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Written by:
Joachim Treasurer

Is Twitter Advertising Worth It?

There are now over 800 million accounts on Twitter. While only just under a third of those are estimated to be monthly active users it is still one of the fastest growing social media platforms in the world with around a million new users signing up every week. As it continues to expand people, and especially brands, are keen to jump on board and use Twitter to benefit their agendas, whether it is for a bit of fun, to increase sales or to build brand awareness.

Recent stats published by Twitter show that 23% of online adults use Twitter actively with 37% of those being aged between 18-29 (the demographic that spends the most money on the internet). It only makes sense that brands would look to use Twitter to increase the online value of their brand.

However, since the introduction of Twitter Ads, much has been discussed about whether it is in fact worth the money to pay for promoted tweets, accounts and trending topics, especially as Facebook seems to dominate the market and dominate it with relative ease. Here we look at some of the current features Twitter Ads offer and whether it is worth investing your marketing budget in this form of advertising.

Promoted Account

When you promote an account it will feature in the “Who To Follow” section on the left of your screen as well as in search results.

Suggested accounts to follow are based on the accounts users already follow. You can target who you want this ad to appear to using other account handles and keywords.

Promoted Tweets

Promoted tweets work in a similar way as promoted accounts. By targeting specific keywords and other account handles you can target Twitter users that follow accounts that may be similar to yours and users that may have an interest in the content of your tweet. This has proven particularly useful when promoting offers and competitions.

Promoted Trend

A promoted trend appears on the left with all the other trending topics a user will see, at the top and with a tag letting the user know that it is a promoted trend. These trends are tailored to the Twitter users depending on who they follow and their current location.


So are Twitter Ads worth the investment?


On the face of it, it makes sense to advertise on Twitter. With the new Facebook algorithms having a huge impact on pages organic reach, many brands have far larger following on Twitter. You may as well make the most of your most popular platform right?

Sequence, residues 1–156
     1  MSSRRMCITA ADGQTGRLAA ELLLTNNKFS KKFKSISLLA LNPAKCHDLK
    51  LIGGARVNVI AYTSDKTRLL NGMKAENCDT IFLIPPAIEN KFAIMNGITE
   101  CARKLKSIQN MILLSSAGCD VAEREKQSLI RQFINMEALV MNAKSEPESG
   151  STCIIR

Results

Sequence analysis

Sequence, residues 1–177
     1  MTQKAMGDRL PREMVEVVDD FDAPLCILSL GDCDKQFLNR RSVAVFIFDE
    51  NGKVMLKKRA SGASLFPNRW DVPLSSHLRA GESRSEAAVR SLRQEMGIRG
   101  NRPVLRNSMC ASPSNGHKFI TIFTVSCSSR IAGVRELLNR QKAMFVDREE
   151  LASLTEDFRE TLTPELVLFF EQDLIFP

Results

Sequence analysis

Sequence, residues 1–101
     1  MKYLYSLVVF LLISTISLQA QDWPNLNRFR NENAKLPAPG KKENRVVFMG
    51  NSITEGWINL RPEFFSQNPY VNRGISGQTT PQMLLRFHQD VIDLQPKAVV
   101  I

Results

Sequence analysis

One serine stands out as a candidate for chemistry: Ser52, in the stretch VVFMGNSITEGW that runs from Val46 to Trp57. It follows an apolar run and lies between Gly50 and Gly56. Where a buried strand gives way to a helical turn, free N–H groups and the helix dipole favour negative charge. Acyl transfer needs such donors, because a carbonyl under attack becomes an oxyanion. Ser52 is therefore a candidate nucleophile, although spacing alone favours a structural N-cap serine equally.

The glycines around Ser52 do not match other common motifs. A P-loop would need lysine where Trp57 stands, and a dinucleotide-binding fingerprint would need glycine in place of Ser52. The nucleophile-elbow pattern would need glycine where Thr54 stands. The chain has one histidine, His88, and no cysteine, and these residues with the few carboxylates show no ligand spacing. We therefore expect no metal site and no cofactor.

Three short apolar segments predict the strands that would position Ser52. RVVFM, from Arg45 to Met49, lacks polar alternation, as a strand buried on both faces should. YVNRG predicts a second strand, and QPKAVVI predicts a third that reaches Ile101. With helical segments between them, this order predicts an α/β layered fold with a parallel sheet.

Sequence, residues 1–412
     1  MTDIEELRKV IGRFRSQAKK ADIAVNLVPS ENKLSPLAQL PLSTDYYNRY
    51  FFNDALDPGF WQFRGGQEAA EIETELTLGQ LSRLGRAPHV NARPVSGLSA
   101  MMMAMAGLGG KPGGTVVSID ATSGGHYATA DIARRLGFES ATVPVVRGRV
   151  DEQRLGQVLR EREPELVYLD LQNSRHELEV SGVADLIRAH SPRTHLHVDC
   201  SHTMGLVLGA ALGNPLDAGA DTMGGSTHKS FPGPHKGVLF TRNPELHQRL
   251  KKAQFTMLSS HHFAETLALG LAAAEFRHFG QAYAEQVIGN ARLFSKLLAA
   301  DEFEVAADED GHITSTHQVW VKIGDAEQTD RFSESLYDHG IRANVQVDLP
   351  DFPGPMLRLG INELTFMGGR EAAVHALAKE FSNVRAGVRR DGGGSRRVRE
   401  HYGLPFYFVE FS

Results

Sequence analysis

However, in reality this is simply not the case. When Twitter Ads were first rolled out and you wanted all the features you had to have a monthly budget of £10,000. As Twitter Ads progressed and became more broadly available this requirement was lifted, however in practice if you want to create a meaningful Twitter Ad campaign this essentilly still stands.


Facebook v Twitter


The main difference between Twitter Ads and other social media advertising platforms like Facebook for example is the high Cost Per Click (CPC). If we look at the option of pricing your campaign by paying a maximum amount per day the average CPC for Twitter Ads in the UK is around £0.25. Compare that to Facebook and you can get a meaningful cut through on your campaign by paying around £0.05 CPC.

Cost Per Engagement (CPE) on the other hand is relatively similar. The average CPE for Twitter is £0.09 in comparison with Facebook’s £0.04. However it is when looking at Cost Per Impression (CPM) where Twitter really falls flat. According to research by Adweek Facebook’s average CPM is a mere £0.39 compared to Twitter’s massive £2.29.

There are a number of reasons that Facebook’s advertising costs are far more economical than Twitter’s. Facebook allows you to tailor your ads based on devices. You can also filter out the ad that is performing the worst whereas on Twitter you have to create separate campaigns for ads targeting keywords and ads targeting users handles. Facebook also allows you to create a whole host of different ad types, from Sponsored Stories, to Video Ads, to Newsfeed ads and Page Likes. Each have differing metrics and rates of engagement and clicks allowing you to better target your advert.

As the stats mentioned above show, if you have a small marketing budget, Twitter will probably not be the best way to spend chunks of that money. However, if you have a good few thousand pounds to burn and are looking at predominantly clicks back to either an offer or competition then Twitter Ads can help to keep you more visible than organic tweets.

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